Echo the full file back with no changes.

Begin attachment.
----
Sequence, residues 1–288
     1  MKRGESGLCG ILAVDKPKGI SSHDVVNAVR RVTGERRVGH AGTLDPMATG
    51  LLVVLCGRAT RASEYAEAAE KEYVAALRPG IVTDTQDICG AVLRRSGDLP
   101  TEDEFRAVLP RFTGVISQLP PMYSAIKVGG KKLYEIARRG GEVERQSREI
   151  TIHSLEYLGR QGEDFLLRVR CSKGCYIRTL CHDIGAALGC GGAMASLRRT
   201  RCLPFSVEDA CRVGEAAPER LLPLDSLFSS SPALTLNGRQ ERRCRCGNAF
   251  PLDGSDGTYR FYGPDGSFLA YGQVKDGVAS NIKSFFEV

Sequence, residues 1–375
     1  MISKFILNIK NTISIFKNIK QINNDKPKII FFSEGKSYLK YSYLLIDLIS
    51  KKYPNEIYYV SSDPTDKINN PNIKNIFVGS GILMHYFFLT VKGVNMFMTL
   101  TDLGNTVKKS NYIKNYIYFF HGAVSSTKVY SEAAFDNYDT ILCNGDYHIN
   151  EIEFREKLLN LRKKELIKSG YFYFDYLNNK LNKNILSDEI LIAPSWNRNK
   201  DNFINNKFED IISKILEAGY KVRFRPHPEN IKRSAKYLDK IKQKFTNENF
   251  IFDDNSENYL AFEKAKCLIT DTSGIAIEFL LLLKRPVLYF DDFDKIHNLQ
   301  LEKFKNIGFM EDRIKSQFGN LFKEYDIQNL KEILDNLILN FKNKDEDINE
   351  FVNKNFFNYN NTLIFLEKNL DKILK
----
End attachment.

Sequence, residues 1–288
     1  MKRGESGLCG ILAVDKPKGI SSHDVVNAVR RVTGERRVGH AGTLDPMATG
    51  LLVVLCGRAT RASEYAEAAE KEYVAALRPG IVTDTQDICG AVLRRSGDLP
   101  TEDEFRAVLP RFTGVISQLP PMYSAIKVGG KKLYEIARRG GEVERQSREI
   151  TIHSLEYLGR QGEDFLLRVR CSKGCYIRTL CHDIGAALGC GGAMASLRRT
   201  RCLPFSVEDA CRVGEAAPER LLPLDSLFSS SPALTLNGRQ ERRCRCGNAF
   251  PLDGSDGTYR FYGPDGSFLA YGQVKDGVAS NIKSFFEV

Sequence, residues 1–375
     1  MISKFILNIK NTISIFKNIK QINNDKPKII FFSEGKSYLK YSYLLIDLIS
    51  KKYPNEIYYV SSDPTDKINN PNIKNIFVGS GILMHYFFLT VKGVNMFMTL
   101  TDLGNTVKKS NYIKNYIYFF HGAVSSTKVY SEAAFDNYDT ILCNGDYHIN
   151  EIEFREKLLN LRKKELIKSG YFYFDYLNNK LNKNILSDEI LIAPSWNRNK
   201  DNFINNKFED IISKILEAGY KVRFRPHPEN IKRSAKYLDK IKQKFTNENF
   251  IFDDNSENYL AFEKAKCLIT DTSGIAIEFL LLLKRPVLYF DDFDKIHNLQ
   301  LEKFKNIGFM EDRIKSQFGN LFKEYDIQNL KEILDNLILN FKNKDEDINE
   351  FVNKNFFNYN NTLIFLEKNL DKILK